Birch Ridge Golf Course gets buzzing earlier than normal

Birch Ridge Golf Report

Posted: Sunday, May 13, 2007

Just as sure as the snow covers the ground in the fall and melts away in the spring, so do the golf balls begin covering Birch Ridge Golf Course at this time of the year. And thankfully this year it happened earlier than most. There’s excitement in the air. I noticed it as I made my usual rounds of errands this week. It seemed everywhere I went someone was asking questions like, “Have you been out golfing yet?” (The answer of course is yes). And, “How’s the course look?” (Answer: Great for this early in the season) and then that dreaded question, “How’s your game?” (I refuse to answer that one, but let me just say that I’ve already had my first ‘refresher’ lesson from our resident pro, Tom Walsh). So ask me that one again later in the season.

The pro shop is buzzing with excitement and activity, too. There are a couple of new faces this year. We welcome Rita Geller and Jacqueline Cowan and look forward to seeing them often. I’m sure they’ll take good care of us and be on hand to congratulate some of you and console the rest of us after our round. And of course there are the familiar faces. Owners, Pat and Myrna Cowan, will be on hand to do what they do best (making sure we have a great place to play). Tom Walsh is still our head pro and superintendent in charge of keeping the course in great shape with the help of his able crew, Zac Cowan, Aaron Andrus, Taylor Jackson and Tanner Abendroth. Bill Engberg is also on hand as our assistant pro and available for lessons along with Tom Walsh. Chris Christie is our returning mechanic.

As usual our seniors were the first ones out to begin their new season on April 30 with seven players. Posting the low net score of 34 was Don McGhee. Roger Jones was closest to the hole on No. 6, with Gary Effenbeck making the longest putt. Although Monday was officially rained out, four die-hard golfers still showed up to play. Seniors play on Monday mornings, so come on out and play if you are at least 50 years young.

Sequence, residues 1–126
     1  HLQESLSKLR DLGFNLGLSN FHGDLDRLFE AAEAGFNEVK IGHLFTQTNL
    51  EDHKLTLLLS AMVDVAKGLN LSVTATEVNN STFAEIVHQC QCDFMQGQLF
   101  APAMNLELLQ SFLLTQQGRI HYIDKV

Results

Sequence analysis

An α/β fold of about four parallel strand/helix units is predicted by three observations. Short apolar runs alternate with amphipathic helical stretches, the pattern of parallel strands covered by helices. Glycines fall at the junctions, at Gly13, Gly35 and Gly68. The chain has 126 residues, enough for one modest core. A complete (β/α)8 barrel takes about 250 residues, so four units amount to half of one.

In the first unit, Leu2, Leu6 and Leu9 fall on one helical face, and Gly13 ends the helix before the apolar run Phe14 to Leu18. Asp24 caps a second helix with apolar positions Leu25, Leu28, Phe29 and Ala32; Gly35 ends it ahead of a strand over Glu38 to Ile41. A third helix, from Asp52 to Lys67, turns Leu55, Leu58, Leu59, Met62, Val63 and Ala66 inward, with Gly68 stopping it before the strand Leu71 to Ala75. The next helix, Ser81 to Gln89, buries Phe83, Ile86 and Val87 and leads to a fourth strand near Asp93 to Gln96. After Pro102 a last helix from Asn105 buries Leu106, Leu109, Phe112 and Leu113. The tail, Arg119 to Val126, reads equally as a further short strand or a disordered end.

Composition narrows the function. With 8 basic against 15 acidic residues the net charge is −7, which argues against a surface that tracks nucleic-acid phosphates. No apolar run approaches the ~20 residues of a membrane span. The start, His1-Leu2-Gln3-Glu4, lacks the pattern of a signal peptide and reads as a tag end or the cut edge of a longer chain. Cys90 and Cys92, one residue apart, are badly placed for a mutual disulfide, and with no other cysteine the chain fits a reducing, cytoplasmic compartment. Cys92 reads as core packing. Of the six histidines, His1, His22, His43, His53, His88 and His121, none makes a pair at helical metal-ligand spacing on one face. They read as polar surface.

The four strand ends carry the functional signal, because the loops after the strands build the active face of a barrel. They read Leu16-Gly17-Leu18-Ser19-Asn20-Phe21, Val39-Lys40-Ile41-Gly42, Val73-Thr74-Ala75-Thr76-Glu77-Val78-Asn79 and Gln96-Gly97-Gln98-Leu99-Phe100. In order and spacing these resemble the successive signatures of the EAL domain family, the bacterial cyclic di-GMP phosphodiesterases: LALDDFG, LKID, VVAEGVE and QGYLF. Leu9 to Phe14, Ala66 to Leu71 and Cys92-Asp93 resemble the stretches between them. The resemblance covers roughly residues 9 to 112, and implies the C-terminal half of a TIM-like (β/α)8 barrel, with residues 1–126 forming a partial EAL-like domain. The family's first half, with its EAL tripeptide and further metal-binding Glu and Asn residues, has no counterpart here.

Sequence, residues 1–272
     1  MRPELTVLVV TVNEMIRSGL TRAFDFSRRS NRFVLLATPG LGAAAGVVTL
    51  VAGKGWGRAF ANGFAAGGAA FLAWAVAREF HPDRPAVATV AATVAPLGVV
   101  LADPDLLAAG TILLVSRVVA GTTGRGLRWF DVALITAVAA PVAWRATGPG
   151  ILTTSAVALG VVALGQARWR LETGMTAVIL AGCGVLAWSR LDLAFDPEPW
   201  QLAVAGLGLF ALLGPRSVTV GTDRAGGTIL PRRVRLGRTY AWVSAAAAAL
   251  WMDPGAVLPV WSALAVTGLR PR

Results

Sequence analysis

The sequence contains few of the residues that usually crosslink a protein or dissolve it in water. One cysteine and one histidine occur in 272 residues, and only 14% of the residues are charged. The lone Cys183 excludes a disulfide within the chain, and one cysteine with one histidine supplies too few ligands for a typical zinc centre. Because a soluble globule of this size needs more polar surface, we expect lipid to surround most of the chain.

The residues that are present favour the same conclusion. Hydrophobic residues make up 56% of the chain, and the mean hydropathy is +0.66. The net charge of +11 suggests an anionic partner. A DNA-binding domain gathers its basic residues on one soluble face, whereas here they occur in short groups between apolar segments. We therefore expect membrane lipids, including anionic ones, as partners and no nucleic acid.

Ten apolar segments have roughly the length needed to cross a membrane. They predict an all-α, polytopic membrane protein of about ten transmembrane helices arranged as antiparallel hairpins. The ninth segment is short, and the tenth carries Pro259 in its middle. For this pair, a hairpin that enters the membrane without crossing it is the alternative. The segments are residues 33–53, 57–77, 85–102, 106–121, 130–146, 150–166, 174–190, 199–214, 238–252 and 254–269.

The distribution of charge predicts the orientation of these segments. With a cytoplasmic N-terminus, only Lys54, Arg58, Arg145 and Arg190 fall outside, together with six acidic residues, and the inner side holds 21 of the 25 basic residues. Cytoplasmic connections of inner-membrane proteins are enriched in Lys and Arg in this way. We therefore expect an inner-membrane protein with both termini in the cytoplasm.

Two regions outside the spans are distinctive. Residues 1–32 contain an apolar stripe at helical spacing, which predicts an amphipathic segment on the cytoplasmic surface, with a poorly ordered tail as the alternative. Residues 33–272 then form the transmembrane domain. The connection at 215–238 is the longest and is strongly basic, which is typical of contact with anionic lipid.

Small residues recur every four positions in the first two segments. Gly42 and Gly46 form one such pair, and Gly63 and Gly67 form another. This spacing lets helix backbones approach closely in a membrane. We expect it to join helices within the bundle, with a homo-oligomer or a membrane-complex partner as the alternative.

The Tuesday Morning Ladies League is scheduled to begin play on Tuesday with Kathy Herring and Cheryl Hammarstrom leading the way. This group plays a different format each week, has a potluck once a month and I’m told the first order of business always is to have a great time. Ladies of all skill levels are welcome.

The Tuesday Night Couples will begin their fun-filled evenings on Tuesday at 6 p.m. (and to play some golf, too). And thankfully, John and Jane Tongen have agreed to again lead us into temptation with their crazy games, each week playing a nine-hole handicapped round for $10 per couple. (Couple is defined as one man, one woman — and need not be married). There is a sign-up sheet each week in the pro shop or please call the pro shop at 262-5270 before noon on Tuesdays to play, since the game they pick is determined by how many players there are. One thing is for sure — you’re guaranteed to have a great time.

Wednesday Night Men’s League began on Wednesday. The new format this year is a team best ball based on average team handicap. There will also be individual scoring every week based on net scores and bonus points just for playing. At the end of 12 weeks there will be an overall winner followed by a playoff the 13th week between the top eight players. The top six of the eight will split the pot based on percentages established by chairman Gary Effenbeck. A huge thank you to Gary for taking on the task of organizing this league. Sounds like a lot of fun.

The 2007 Birch Ridge Ladies Cup begins the week of May 28, with a meeting scheduled for May 21 at 6 p.m. at the clubhouse to go over the upcoming season. Please plan on attending this very important meeting and be sure and get your entry form and fee in as soon as possible or bring it with you to the meeting. If you haven’t received a form and you are interested in playing this year, please give either Ardie Crawford or Jessica Sundberg a call, or call the pro shop at 262-5270. Last year we had 13 teams of two women participating and would welcome new ladies to our fun and friendly competition. Winners get the opportunity to take charge the following year. Just a reminder that the Ladies Cup is open to Birch Ridge Golf Association members only.